Photo by Lee Gumbs

The Confidence

As Taja worked to rebuild her life and career, she also rediscovered herself. Part of that self-discovery was figuring out, who is Taja, really? "I started developing more of a spiritual center for myself," Taja says. "Rituals to help me find balance, and really emphasizing my mental, emotional, physical, and spiritual health. I started looking at what worked, and what needed to happen within all facets of my life beyond dance."

She decided to go to London. Within two weeks of moving, she had signed with an agency, booked a movie, and found a long-term Airbnb. After another week, she had booked a job dancing for P!nk at the BRIT Awards. The work was nonstop, and she was teaching classes at three different studios in the city. "I built a fan base, a friend base, and a network," she says. "I felt peace."

In the summer of 2019, choreographer Parris Goebel called, hoping to check Taja's availability to perform with Rihanna at her Savage X Fenty show. Taja submitted her photos and a video, and a few days later, Parris called back. Rihanna loved Taja—and handpicked her to come on board. It would be Taja's first trip back to L.A.

That job and that trip marked a major turning point in Taja's life. Parris told Taja she needed to be okay with showing skin for this job, and Taja said she was, onstage. But they wanted everyone dressed for the show in rehearsal; Parris wanted everyone to feel like it was a comfortable space. "I'm looking around the room and seeing women of all different shapes, sizes, colors," Taja says. "Cellulite, eczema, hairy legs. And I'm in love in that moment. Being present and just seeing all of us and being like, I support you at whatever stage you're in, whatever phase you're in."

After that experience, Taja developed a new comfortability with herself. "I was usually that girl in a hoodie and baggy sweats," she says. "It could be in the hottest room with no air conditioning—Broadway Dance Center in the middle of July—and I will not take that hoodie off, ever. It was psychological. Like taking the hoodie off would take away my magic, my flavor, my swag." But Taja realized that her hoodie wasn't her superpower—it was her insecurity. "After that gig, I was like, you know what? This is how I look," Taja says. "I feel like my eyebrows want to hold hands for the rest of their lives, and I'm going to keep my unibrow!"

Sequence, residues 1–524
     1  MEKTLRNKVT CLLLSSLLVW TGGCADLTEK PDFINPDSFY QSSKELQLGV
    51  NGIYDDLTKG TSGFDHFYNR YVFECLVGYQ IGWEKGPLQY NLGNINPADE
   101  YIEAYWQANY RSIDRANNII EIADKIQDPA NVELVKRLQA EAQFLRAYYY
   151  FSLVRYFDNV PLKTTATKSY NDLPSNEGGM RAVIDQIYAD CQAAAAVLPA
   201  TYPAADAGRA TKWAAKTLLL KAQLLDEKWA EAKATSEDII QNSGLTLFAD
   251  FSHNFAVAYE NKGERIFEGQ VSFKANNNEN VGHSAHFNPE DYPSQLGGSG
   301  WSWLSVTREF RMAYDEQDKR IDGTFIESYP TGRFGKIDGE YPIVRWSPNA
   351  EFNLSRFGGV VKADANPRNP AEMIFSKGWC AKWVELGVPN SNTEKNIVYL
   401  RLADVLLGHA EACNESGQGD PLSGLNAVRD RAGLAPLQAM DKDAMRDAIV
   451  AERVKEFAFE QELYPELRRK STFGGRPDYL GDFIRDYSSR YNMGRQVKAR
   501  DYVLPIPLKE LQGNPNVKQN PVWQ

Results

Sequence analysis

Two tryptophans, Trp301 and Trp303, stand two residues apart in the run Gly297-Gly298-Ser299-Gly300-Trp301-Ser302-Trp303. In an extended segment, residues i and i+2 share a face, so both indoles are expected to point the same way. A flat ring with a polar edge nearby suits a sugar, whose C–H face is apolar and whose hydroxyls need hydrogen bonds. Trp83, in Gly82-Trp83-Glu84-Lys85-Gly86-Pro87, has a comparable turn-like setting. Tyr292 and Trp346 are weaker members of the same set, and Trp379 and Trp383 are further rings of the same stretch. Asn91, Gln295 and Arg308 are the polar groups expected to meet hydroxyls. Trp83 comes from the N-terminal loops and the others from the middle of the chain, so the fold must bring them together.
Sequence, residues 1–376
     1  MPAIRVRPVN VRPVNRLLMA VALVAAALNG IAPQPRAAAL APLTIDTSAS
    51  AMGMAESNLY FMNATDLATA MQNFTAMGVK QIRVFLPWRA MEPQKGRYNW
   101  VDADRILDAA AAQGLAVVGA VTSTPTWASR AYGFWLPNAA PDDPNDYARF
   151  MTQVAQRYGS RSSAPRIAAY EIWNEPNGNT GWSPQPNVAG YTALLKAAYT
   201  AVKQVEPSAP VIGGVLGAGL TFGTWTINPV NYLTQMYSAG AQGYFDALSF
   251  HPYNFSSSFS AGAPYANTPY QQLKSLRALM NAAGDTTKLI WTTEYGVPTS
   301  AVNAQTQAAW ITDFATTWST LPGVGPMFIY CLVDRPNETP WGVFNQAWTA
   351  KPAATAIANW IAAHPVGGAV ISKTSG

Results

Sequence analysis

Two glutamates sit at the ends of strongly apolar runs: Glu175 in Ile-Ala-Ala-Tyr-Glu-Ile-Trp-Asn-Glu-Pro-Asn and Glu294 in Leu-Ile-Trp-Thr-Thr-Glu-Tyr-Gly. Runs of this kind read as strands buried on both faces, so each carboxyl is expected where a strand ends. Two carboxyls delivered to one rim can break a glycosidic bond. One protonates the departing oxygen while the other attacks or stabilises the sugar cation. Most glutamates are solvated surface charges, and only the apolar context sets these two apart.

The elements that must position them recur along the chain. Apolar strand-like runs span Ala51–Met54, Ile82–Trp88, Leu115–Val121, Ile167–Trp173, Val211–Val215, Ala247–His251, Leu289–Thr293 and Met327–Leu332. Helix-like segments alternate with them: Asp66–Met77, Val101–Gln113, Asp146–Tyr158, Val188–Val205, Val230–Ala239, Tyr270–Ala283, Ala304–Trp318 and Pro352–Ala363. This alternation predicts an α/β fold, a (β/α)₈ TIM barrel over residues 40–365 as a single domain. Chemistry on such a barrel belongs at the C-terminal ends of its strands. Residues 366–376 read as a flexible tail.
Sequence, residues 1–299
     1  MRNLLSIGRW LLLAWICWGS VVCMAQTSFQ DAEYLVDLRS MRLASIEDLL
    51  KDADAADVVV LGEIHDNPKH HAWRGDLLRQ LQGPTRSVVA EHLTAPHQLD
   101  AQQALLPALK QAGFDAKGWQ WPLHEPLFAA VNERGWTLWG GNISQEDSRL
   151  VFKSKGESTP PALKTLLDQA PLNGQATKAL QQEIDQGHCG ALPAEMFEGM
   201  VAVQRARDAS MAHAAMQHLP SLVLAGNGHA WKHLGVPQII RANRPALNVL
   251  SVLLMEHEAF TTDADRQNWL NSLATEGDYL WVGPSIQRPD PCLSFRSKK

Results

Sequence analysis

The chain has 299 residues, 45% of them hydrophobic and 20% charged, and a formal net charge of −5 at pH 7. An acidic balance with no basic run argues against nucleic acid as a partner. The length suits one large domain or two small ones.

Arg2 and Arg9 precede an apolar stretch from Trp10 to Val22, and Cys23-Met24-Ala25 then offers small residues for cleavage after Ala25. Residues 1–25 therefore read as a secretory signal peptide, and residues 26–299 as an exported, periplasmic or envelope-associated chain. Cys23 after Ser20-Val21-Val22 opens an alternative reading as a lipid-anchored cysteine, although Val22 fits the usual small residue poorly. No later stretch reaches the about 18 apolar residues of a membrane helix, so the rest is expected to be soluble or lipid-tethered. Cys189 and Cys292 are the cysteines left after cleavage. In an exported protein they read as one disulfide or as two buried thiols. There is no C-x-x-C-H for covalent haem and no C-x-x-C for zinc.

Photo by Lee Gumbs

The Kim

Taja's hoodie wasn't just hiding her insecurities, she realized. Her hoodie, her baggy pants, her preferences for suits over dresses were all part of her masculine identity. Her Taja identity. But then, she started to discover, there was another identity within her. An identity named Kim.

"Over the past year and a half, I've been experiencing times where my thoughts aren't my own," Taja explains. "I feel like a completely different person. Like there's this personality shift." She likens it to feeling like a passenger in your own car—with familiar surroundings, but a loss of control and power. She felt it when she was taking classes and the music would turn on, like she wasn't the one doing any of the work as she moved. She calls it an out-of-body experience, one that happened increasingly frequently.

Taja started learning about dissociative identity disorder, and came to realize that this was actually something she had been experiencing—and likely suppressing—for a long time. She was diagnosed by a trauma specialist, who she continues to work with, to this day. "It can lie dormant for years, and then it can really explode," she says. It can also be prompted by trauma, much like what Taja had been through just a few years prior.

She started to forget things, and blamed it on being absent-minded. But soon, Taja noticed she was strongly averse to certain textures and materials. She felt uncomfortable in corners. She didn't leave her home for weeks. She couldn't remember large gaps of time. Once, she thought she had been lying in her bed only to discover that she had left the apartment and been outside on the streets of L.A.—barefoot.

"I was scared to tell anyone," Taja says. "People had recollections of us spending whole nights together and I didn't remember them at all. I didn't even know their names."

Taja worked with her trauma specialist and a life coach, and channeled what she was feeling into a type of superpower. She learned about alters, of which she says she has five. Taja acts as the host, and the alter she feels, sees, or experiences the most is Kim.